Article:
A very cautious Fed is more confident about the economy, but global headwinds are raising uncertainty about rate hikes.
The Federal Open Market Committee (FOMC) kept rates unchanged on March 16, to no one’s surprise. It also noted that it sees rates rising even more slowly than it had indicated in December.
The committee said the U.S. economy has been “expanding at a moderate pace,” but “global economic and financial developments continue to pose risks.” The latter, a new addition to the statement, seemed to outweigh the positives, making for a more dovish Fed.
“What they’re saying to me is they have some concern of the U.S. dollar getting too strong if they move prematurely,” says Michael Gregory, Deputy Chief Economist at BMO.
“To the extent the Fed continues a little bit more cautiously than expected, that’s not a favorable development for Canada.”
Gregory tells Epoch Times that the U.S. is more vulnerable now to external developments than at any other time in its economic history. A strong U.S. dollar hurts exports, makes its producers less competitive, and puts downward pressure on inflation.
Prior to the greenback’s run-up in mid-2014, exports were nearing record highs as a share of economic output. Now, net exports have been described as “soft” in every FOMC statement dating back to last June. The U.S. trade deficit widened sharply in January, with exports falling more than imports. TD lowered its estimate of U.S. Q1 GDP growth by 0.2 percent in response.
But the biggest threat to the U.S. economy comes not from global trade, but from global financial markets. The market plunge in January led to higher chances of a U.S. recession, although that has died down with the calming of the financial markets.
And while the Fed is more cautious, Gregory feels the risks of recession are lower now. BMO’s models focus on the two key factors of financial conditions and jobs, both of which have improved.
The desire to raise rates gradually is even more gradual than it was in December when the Fed hiked for the first time in nearly a decade.
Then, the Fed’s dot plot, which represents FOMC members’ individual projections of appropriate monetary policy (fed funds target range), showed four rate hikes looming in 2016. Now it’s two.
The median end-of-year fed funds range is lower by 0.5 percent, meaning 0.75 to 1.00 percent in 2016 and 1.75 to 2.00 percent in 2017. It is lower by 0.25 percent for a range midpoint of 3.00 percent in 2018 and 3.25 percent in the longer run.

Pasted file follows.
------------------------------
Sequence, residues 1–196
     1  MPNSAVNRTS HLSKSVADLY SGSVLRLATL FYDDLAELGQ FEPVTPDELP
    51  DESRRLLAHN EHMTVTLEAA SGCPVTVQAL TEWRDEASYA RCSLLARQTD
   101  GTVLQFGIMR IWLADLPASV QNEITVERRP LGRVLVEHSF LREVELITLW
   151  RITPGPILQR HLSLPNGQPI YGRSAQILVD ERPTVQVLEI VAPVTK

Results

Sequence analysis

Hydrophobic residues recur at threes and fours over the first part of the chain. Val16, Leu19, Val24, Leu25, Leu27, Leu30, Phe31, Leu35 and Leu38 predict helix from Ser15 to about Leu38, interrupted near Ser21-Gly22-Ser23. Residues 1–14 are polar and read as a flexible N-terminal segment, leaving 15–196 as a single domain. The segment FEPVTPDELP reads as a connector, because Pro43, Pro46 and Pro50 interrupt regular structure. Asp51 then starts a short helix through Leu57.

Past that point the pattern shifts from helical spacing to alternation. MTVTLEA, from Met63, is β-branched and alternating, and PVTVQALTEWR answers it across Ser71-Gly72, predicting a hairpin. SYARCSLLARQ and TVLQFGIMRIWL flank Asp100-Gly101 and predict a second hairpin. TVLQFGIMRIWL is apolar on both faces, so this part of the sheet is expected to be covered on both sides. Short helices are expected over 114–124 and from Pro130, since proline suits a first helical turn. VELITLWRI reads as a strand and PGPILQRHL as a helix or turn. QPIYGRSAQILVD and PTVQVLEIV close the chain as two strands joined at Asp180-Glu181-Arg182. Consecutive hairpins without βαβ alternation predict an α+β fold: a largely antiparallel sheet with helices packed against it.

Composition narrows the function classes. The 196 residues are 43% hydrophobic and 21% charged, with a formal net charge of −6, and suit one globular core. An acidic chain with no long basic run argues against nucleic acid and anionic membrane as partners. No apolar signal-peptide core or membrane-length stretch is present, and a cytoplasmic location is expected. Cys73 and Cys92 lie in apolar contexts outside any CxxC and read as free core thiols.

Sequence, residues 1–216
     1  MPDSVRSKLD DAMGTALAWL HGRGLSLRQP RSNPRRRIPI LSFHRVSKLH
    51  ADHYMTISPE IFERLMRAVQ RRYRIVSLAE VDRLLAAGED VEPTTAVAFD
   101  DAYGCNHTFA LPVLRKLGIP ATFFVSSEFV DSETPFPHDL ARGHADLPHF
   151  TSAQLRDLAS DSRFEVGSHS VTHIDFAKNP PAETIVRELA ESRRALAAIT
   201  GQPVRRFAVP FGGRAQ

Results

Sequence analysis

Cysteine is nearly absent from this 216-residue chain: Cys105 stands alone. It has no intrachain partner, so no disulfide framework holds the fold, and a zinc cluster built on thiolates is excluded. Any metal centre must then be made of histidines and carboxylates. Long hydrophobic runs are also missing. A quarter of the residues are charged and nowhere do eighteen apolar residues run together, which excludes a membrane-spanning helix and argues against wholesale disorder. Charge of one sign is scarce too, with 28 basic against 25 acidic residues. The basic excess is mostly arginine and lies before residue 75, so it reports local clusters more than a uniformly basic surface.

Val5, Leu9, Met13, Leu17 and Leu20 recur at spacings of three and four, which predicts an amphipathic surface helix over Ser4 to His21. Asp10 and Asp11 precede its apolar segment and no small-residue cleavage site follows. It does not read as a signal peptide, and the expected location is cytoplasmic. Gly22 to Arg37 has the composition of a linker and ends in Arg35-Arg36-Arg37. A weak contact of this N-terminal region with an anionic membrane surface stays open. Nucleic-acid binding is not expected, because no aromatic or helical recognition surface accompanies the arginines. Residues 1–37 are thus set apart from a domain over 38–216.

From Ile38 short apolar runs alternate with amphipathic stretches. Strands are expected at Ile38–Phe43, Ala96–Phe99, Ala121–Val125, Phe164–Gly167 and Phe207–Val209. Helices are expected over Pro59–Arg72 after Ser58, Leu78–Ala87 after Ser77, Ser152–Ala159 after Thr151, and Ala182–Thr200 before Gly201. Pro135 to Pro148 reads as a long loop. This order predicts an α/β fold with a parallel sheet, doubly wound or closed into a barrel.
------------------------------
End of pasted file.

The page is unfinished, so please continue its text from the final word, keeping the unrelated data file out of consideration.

According to TD Global Strategy, financial markets are fully pricing in a rate hike by November, with the probability of a June rate hike at 55 percent.
The labor market keeps improving and is close to the Fed’s maximum employment objective. It has added 230K jobs per month over the past quarter. But one area of improvement remains—wage growth. Fed chair Janet Yellen was somewhat surprised that it hasn’t shown a sustained pickup yet.
The second part of the Fed’s mandate is price stability. While the FOMC acknowledged the uptick in inflation, Yellen was questioned about the risk of overshooting the 2 percent target.
Gregory believes the Fed is willing to take this risk to avoid the situation where inflation moves lower.
“I think the Fed is O.K. with that actually as long as there are meaningful risks of inflation going the other way,” Gregory says.
At some point, wages will pick up and pressure inflation higher. The risk is the Fed finds itself “behind the curve” fighting inflation.
“They probably aren’t going to get this thing perfectly,” Gregory says.
Despite the upgrade to the economy, the Fed sees lower economic growth. GDP growth is projected to be 2.2 percent in 2016, 0.2 percent lower than the projection made in December, and it is projected to be 2.1 percent in 2017.
RBC sees a slightly stronger growth outlook than the Fed and three rate hikes for 2016.
“We expect evidence of domestic resilience will convince the Fed that the U.S. economy is on a solid footing even if the external growth outlook remains uncertain,” said RBC in a note.
But for now, uncertainty dominates, which isn’t what the Canadian economy needs from its neighbor to the South.
“If anything you’ve got a stronger Canadian dollar and a little more uncertainty and risk around the U.S. economic outlook,” says Gregory. “Those two factors together are not positive for the Canadian economy.”
The loonie rose nearly 2 percent post-Fed announcement. Stock and bonds also rallied, as did gold, perhaps reflecting the Fed giving vibes of increasing uncertainty.
Gregory feels the Fed’s latest announcement raises the likelihood of a Bank of Canada rate cut. “Whatever small probability you attach to the Bank of Canada having to mitigate these risks by taking out some insurance—to use their words—that probability, given the Fed today, is a little bit higher.
“Still low but a little bit higher.”
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